RJ: And yet, we keep coming back for more each year. While you do a good job exposing some of the flaws on the NFL, the book on a whole centers on the guidelines to being a fan of an NFL team. Which section do you feel contains the most critical element of fandom?
MT: Loyalty is always the most important, so the section dealing with bandwagon fans drives closest to the heart of what it means to be a fan. However, any tips on how to get through the grueling off-season, which seems longer and more agonizing each year, are the most helpful, I hope.
RJ: Fantasy football dynasty leagues do a great service in shortening the off-season for me. You list several types of leagues and potential locations for drafts. What do you see as the ideal choice?
MT: I mix it up a bit. I like being able to start fresh each season, so having a team or two in standard leagues to go along with ones I have in keeper leagues helps out on that end.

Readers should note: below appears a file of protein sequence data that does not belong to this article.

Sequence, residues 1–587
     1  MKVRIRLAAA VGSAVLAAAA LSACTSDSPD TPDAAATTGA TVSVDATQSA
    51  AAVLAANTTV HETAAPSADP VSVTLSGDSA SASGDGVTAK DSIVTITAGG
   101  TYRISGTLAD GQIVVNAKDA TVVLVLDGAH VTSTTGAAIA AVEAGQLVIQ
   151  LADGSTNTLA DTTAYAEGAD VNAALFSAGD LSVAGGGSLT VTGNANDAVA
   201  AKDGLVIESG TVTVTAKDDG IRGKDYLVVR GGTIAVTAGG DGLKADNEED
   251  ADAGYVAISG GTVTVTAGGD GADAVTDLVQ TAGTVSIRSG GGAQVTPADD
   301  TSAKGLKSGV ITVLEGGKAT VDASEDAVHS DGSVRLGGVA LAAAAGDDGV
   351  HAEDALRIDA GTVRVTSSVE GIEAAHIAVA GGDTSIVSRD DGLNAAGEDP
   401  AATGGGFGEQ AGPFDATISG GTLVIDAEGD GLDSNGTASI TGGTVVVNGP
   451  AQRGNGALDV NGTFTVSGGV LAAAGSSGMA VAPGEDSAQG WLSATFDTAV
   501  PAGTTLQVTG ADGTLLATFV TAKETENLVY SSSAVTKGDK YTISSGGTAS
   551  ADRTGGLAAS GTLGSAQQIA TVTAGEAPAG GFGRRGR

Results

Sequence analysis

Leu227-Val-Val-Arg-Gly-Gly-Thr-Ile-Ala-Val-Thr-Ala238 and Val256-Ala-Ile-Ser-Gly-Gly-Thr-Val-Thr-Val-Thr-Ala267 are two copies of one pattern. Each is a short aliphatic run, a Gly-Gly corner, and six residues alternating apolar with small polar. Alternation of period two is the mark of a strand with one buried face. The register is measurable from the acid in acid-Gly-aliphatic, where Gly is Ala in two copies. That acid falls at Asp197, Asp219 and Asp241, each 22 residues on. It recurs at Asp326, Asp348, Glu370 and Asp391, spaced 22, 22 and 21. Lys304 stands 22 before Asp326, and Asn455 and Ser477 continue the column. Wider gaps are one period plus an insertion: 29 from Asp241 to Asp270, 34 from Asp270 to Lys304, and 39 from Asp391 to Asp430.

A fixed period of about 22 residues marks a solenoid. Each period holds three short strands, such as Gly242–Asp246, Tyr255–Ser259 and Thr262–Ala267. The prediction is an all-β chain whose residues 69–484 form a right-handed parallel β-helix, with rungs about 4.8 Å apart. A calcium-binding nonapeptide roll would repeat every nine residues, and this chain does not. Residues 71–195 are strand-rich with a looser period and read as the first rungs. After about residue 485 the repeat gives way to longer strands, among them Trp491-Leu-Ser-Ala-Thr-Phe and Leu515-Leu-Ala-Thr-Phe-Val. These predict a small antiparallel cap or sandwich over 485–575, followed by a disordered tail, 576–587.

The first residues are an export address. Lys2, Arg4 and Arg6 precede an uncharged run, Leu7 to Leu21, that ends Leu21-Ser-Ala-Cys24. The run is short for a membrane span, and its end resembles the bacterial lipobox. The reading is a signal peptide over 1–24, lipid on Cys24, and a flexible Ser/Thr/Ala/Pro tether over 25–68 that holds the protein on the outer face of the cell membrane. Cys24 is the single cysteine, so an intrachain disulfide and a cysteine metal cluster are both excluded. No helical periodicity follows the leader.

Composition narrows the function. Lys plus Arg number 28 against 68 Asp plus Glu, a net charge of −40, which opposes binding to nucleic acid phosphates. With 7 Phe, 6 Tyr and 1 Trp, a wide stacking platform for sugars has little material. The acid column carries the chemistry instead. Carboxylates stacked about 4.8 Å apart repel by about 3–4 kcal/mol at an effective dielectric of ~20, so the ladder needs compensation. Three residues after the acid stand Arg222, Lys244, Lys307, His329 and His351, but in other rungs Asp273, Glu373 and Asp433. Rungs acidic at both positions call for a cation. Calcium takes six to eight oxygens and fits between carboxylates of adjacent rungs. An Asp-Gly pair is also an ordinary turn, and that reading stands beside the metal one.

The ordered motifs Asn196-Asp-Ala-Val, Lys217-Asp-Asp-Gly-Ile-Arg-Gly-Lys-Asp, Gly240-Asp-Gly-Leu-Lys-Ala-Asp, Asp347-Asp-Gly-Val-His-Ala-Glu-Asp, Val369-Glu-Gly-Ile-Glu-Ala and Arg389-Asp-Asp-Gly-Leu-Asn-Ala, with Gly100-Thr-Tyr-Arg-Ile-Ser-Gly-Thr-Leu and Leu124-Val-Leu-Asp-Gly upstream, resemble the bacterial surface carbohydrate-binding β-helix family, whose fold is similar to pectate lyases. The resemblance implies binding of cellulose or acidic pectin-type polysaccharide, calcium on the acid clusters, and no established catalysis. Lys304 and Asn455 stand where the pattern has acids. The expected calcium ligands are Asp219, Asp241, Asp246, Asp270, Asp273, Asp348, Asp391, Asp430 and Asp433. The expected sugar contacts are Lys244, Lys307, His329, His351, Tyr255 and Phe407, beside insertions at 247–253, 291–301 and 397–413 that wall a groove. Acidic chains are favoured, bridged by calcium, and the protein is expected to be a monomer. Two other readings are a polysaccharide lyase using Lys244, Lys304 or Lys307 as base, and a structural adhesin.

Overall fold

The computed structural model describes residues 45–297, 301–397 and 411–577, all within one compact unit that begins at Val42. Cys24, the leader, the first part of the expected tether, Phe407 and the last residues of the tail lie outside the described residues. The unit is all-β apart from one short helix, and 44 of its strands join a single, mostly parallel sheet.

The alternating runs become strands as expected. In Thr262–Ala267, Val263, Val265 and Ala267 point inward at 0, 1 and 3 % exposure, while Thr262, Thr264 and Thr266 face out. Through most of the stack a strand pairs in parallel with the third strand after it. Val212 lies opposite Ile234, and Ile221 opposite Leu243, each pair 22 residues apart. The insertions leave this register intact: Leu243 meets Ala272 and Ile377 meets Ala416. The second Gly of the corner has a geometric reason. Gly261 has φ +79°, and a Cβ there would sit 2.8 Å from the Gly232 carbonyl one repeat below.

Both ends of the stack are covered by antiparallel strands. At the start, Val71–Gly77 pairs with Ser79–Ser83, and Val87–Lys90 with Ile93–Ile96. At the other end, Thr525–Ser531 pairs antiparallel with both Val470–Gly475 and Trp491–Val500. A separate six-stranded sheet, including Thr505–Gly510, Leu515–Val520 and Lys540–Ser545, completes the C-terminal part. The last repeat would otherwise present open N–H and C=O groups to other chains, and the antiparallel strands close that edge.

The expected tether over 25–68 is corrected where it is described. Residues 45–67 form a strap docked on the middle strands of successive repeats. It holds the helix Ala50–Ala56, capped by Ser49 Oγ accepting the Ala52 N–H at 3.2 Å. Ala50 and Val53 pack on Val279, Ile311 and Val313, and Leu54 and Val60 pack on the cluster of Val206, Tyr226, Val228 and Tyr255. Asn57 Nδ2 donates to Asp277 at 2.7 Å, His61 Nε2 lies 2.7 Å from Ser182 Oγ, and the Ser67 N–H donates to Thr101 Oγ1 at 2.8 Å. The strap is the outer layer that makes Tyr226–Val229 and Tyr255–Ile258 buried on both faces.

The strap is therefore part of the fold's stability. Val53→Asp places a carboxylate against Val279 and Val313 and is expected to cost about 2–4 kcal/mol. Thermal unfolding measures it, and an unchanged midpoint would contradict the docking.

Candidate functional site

RJ: What advice can you give fantasy drafters heading into the season (aside from avoiding your pen pal, Brian Westbrook)?
MT: Jay Cutler still doesn’t turn Devin Hester into a respectable No. 1 receiver, don’t be one of those people who takes Knowshon Moreno way too soon (as in the second round), and take Brees before Manning.
RJ: And what about Brady?
MT: Brady I haven’t quite decided on; might not unless he falls to me if I have a mid-to-late first round pick. He’ll be fine for the most part. Still has Moss and Welker, and Galloway was a better pickup than people realize. The line is still a concern, but he’s a lot better about getting rid of the ball than Cassel, so I wouldn’t expect another 47 sacks.
RJ: Chiefs fans can’t seem to catch a break, but can they finally get excited about the Cassel-Haley-Pioli era?
MT: I suppose anything’s better than the three-headed Tyler Thigpen, Brodie Croyle and Damon Huard monster under the reins of Herman Edwards. The Cassel contract was certainly a little disconcerting, but I think he’ll end up being decent for them. If Cassel and Bowe can develop any kind of rapport, the offense could be okay. The defense, however. Yikes.
RJ: Now that we’ve survived the endless off-season, what are your predictions for the 2009 season?